Increasing Student Understanding of Microscope Optics by Building and Testing the Limits of Simple, Hand-Made Model Microscopes †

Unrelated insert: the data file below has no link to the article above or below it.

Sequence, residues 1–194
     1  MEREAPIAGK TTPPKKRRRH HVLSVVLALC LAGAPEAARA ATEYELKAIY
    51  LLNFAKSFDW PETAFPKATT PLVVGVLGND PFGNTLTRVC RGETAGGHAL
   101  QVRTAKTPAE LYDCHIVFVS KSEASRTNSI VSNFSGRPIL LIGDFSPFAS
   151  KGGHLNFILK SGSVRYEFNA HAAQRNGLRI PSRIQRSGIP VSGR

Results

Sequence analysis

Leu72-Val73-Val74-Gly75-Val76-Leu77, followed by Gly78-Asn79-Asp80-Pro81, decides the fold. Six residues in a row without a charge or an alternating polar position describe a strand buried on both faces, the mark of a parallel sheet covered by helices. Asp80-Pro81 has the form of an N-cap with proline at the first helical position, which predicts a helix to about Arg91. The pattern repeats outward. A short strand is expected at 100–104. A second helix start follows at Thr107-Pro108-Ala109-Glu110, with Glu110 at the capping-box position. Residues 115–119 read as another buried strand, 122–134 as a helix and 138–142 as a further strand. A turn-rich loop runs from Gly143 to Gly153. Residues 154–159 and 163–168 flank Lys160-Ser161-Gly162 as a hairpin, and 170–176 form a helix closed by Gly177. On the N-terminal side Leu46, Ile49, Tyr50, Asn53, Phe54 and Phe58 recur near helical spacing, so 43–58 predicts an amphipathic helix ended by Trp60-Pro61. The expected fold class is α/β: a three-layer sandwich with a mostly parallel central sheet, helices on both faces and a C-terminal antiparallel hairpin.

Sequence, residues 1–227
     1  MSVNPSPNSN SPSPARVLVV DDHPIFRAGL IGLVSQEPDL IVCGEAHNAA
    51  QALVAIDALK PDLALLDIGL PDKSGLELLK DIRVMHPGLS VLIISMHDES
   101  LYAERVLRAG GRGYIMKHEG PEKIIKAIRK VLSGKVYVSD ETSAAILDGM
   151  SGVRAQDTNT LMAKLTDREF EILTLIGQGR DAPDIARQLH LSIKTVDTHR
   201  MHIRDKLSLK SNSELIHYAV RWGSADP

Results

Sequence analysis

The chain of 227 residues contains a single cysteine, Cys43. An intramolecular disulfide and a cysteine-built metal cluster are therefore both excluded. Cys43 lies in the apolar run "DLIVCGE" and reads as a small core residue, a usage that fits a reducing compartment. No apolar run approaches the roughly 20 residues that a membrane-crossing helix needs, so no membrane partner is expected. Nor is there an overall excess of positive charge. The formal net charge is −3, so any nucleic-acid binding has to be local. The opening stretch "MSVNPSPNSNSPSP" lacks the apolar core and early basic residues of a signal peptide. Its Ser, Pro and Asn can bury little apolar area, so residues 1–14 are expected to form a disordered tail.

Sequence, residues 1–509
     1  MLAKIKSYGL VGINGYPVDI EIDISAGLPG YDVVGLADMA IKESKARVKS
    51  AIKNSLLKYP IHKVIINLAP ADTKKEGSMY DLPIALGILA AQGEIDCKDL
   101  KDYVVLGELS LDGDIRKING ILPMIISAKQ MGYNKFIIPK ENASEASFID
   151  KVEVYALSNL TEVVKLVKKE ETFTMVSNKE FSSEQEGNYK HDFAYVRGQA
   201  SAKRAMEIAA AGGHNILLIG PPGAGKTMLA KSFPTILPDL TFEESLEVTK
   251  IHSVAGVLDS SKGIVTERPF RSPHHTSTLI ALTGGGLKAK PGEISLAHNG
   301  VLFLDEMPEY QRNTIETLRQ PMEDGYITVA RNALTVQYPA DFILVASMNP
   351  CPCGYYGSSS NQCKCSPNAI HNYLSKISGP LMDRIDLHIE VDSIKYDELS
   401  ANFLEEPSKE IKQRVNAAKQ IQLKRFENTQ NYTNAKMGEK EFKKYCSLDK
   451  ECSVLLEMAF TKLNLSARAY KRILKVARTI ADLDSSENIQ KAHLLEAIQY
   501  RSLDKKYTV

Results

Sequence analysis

The ability to effectively use a microscope to observe microorganisms is a crucial skill required for many disciplines within biology, especially general microbiology and cell biology. A basic understanding of the optical properties of light microscopes is required for students to use microscopes effectively, but this subject can also be a challenge to make personally interesting to students. To explore basic optical principles of magnification and resolving power in a more engaging and hands-on fashion, students constructed handmade lenses and microscopes based on Antony van Leeuwenhoek’s design using simple materials—paper, staples, glass, and adhesive putty. Students determined the power of their lenses using a green laser pointer to magnify a copper grid of known size, which also allowed students to examine variables affecting the power and resolution of a lens such as diameter, working distance, and wavelength of light. To assess the effectiveness of the laboratory’s learning objectives, four sections of a general microbiology course were given a brief pre-activity assessment quiz to determine their background knowledge on the subject. One week after the laboratory activity, students were given the same quiz (unannounced) under similar conditions. Students showed significant gains in their understanding of microscope optics.
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